Why does winter happen?
We tend to talk about winter only on its first day-the shortest day of the year. But months later, especially in places like Wyoming, the world is still brown, still white, still frozen. It's hard to remember pliant green things, leaves. Remember navigating thick willow near a river? Remember slapping an insect off your arm? Remember the way your muscles melt when you lie in the sun? I can't remember those things in midwinter. That place no longer exists.
Why does winter happen? I'm not asking a scientific question, I understand the earth's axis is tilted. I'm asking for a story-something that helps me understand why the wind froths everything white and my house shakes, why the slush nearly melts only to freeze into deadly ice, why, when it gets deeply cold, the snow starts growing new crystals up from the ground. I'm asking for a myth.
Luckily for me, winter has been cold for as long as people have told stories. This time, on Mixtape, a myth of winter.
Scotland was created by a woman.
Her name is Beira.
Beira is a giant old woman-an enormous hag. She's ugly-her skin is blue, her teeth rusty. She has one eye. She walks with a basket on her back full of rocks. She uses the rocks and a huge hammer to build mountains so her giant sons can have houses to live in, and so that she has stepping stones to walk across the world.
Imagine how strong she must be.
I don't know who the father of her children is, or when she gave birth. Only that she walks, with her basket, building mountains. Where she has built carefully, the mountains are even and tall. Where she has accidentally spilled her rocks, a wash of boulders jut from the plains. Perhaps Beira stumbled at Vedauwoo.
She wears a shawl, and every autumn, she washes it in the ocean. Afterward she lays it out to dry on the mountains, and you can see her laundry soap bubbles-the tops of the mountains turn white.
No one knows when Beira was born. She doesn't know. But her story starts in the autumn, when the leaves flare bright gold and fall. The trees retreat energy deep into themselves. Small animals dig subterranean nests. A shawl of snow appears on the mountaintops. That's how you know the land now is Beira's-the summer gods have relinquished to the winter queen.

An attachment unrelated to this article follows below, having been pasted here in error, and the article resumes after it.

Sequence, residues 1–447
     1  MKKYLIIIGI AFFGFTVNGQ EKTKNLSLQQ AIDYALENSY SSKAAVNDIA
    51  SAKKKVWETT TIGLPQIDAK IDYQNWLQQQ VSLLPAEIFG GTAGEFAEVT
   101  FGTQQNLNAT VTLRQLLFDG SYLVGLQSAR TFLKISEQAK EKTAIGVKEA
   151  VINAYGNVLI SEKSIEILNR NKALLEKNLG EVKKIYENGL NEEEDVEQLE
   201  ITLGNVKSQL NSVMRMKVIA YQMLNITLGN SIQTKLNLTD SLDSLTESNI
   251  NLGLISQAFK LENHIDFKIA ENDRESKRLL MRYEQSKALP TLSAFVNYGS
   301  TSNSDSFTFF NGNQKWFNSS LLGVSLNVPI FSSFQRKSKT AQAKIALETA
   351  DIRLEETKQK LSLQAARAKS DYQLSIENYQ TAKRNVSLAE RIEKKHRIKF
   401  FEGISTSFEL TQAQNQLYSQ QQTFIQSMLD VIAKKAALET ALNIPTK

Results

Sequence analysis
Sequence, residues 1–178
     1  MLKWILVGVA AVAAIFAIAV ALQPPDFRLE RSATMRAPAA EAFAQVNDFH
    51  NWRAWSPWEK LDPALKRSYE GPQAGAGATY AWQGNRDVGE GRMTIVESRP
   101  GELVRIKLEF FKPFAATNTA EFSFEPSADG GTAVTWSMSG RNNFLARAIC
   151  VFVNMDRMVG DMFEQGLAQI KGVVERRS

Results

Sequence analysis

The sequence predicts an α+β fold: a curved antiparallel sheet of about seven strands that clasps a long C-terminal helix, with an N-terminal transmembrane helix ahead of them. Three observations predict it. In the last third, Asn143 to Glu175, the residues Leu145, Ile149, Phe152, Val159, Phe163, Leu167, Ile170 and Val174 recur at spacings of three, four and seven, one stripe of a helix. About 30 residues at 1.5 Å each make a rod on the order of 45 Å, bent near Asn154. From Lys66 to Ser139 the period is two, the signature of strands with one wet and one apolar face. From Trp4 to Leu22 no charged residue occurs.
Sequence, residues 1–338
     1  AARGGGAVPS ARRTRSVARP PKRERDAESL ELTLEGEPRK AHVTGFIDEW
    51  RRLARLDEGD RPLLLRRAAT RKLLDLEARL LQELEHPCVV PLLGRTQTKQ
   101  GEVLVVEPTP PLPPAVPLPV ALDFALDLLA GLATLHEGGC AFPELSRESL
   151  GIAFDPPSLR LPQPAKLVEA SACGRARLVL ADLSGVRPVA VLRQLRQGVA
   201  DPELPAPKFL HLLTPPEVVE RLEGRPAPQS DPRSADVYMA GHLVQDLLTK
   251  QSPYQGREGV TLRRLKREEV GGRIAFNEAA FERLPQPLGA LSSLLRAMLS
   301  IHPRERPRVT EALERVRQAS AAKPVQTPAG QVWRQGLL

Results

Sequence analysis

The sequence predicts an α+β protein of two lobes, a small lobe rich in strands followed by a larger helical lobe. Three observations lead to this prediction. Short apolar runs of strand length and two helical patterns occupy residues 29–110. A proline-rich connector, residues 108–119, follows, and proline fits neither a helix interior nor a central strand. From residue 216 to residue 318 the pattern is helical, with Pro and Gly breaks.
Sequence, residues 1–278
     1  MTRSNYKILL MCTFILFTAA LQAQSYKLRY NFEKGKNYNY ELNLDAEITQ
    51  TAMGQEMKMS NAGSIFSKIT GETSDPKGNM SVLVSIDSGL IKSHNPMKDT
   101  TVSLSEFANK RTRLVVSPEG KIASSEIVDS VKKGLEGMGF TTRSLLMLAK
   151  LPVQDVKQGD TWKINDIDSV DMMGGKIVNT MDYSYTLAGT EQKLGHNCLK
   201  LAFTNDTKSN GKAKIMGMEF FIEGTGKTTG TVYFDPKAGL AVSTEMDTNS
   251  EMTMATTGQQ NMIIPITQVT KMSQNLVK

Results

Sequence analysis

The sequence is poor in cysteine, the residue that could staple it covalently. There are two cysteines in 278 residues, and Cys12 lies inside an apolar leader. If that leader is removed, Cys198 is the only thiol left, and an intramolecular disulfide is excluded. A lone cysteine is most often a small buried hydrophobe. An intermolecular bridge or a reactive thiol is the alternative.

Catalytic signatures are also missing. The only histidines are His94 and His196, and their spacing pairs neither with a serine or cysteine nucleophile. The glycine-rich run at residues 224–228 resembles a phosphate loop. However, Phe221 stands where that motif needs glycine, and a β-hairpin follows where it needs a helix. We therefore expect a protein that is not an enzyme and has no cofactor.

Beira walks, with a magic staff. Where she bangs the staff on the ground, the ground freezes.
The seasons are not a democracy. She's queen. What else is there to do but follow her.
As winter goes on, as the queen of winter gets older, she gets ill-tempered. Subjects start to rebel: the first crocuses poke up. Beira squelches this insubordination with unexpected wet storms, feet of snow that crackle over roads and stick to skis.
But finally, the subjects win. And finally, Beira accepts the end of her power.
Nobody agrees on what happens to Beira in the summer. She might turn to stone. Or to a young woman again, only to grow old in the fall.
I don't know why she's angry at the end of winter, if this youth was her next step. Perhaps because although as a young woman you can run and do backbends and be desired, being an elderly blue one-eyed hag with bad teeth means real power, wielded well. It means you get to make a whole world out of the rocks you carry on your back.
Beira's time is winter.
- What Are We Waiting For – The Mike + Ruthy Band
- Winterlong – Neil Young
- Settin’ By the Fire – Jay Ungar & Molly Mason
- Cold Nights of Winter/Trettondagsmarschen – Jay Ungar & Molly Mason
- IJskoud – Nielson
- Light On – Maggie Rogers
- Lonely Man of Winter – Sufjan Stevens
- Woes – Tom Rosenthal
- Winter – Julie Lee
- Holocene – Bon Iver
- Orange Sky – Alexis Murdoch
- Winter Song – Ingrid Michaelson & Sara Bareilles
- When the Summer Ends – Savoir Adore
- Northern Lights – Death Cab for Cutie
- Something American – Jade Bird
- White Winter Hymnal – Fleet Foxes
- Ambre – Nils Frahm